The global annual to ten-year climate update also reveals a 93 percent chance that at least one year between 2022 and 2026 will be the warmest on record, thus beating 2016 in first place.
The probability that the five-year average for this period is higher than the past five years, 2017-2021, is also 93 percent.
The 1.5°C target is the goal of the Paris Agreement, which calls on countries to take concerted climate action to reduce greenhouse gas emissions to limit global warming.
“This study shows – with a high level of scientific proficiency – that we are measurably closer to temporarily reaching the lower target of the Paris climate agreement,” said Petteri Taalas, secretary general of the WMO.
“The 1.5°C figure is not an arbitrary statistic,” he added, but “rather an indicator of the point at which climate impacts will become increasingly harmful to humans and indeed the entire planet.”
The chance of temporarily exceeding the limit of 1.5°C is steadily increased since 2015according to the report, which was prepared by the United Kingdom’s Met Office, the WMO’s leading center for climate update forecasting.
At the time, it was close to zero, but the probability increased to 10 percent in the past five years and to nearly 50 percent for the 2022-2026 period.
Mr Taalas warned that as long as countries continue to emit greenhouse gases, temperatures will continue to rise.
“In addition, our oceans will become warmer and more acidic, sea ice and glaciers will continue to melt, sea levels will continue to rise and we will become more extreme again. Arctic warming is disproportionately high and what’s happening in the Arctic affects all of us,” he said.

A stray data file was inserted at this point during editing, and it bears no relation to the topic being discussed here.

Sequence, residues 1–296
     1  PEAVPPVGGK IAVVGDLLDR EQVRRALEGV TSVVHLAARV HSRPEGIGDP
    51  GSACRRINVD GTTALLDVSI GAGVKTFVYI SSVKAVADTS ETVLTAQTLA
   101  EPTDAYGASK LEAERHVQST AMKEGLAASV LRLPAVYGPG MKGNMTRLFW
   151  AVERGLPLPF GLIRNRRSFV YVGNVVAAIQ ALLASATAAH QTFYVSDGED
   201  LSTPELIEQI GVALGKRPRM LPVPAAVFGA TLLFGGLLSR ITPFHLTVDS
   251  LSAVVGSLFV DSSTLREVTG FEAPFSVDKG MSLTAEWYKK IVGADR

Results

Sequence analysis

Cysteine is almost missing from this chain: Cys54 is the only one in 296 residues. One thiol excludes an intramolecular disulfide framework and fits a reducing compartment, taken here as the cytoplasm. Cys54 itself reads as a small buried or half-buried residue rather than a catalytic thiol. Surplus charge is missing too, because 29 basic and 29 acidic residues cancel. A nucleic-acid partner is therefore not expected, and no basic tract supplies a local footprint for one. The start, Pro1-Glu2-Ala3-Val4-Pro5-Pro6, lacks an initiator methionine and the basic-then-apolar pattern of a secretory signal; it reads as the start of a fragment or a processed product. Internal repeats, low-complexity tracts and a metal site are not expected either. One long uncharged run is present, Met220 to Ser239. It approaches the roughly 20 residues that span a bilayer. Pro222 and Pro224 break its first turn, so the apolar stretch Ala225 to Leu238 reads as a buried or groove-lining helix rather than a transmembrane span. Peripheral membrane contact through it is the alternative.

The Paris Agreement outlines long-term goals that push governments to limit global temperature rise to well below 2°C, while continuing efforts to limit the increase even further to 1.5°C.
‘Keeps coming closer’
The UN Intergovernmental Panel on Climate Change further states that climate-related risks at 1.5°C global warming are higher than today, but lower than at 2°C.
“Our latest climate forecasts show that global temperature rise will continue, with an equal chance that any of the years between 2022 and 2026 will be more than 1.5°C above pre-industrial levels,” said Dr. Leon Hermanson of the UK Met Office, who led the report.
“A single year of exceedance above 1.5°C doesn’t mean we’ve crossed the iconic threshold of the Paris Agreement, but it does reveal that we’re getting closer and closer to a situation where 1.5°C would last for an extended period of time. can be exceeded.”
Last year, the global average temperature was 1.1°C above the pre-industrial baseline, according to the WMO preliminary report on the State of the Global Climate. The final report for 2021 will be published on 18 May.
WMO said back-to-back La Niña events in early and late 2021 had a cooling effect on global temperatures. However, this is only temporary and will not reverse the long-term trend of global warming.
Any development of an El Niño event would immediately raise the temperature, the agency said, as happened in 2016, the hottest year on record.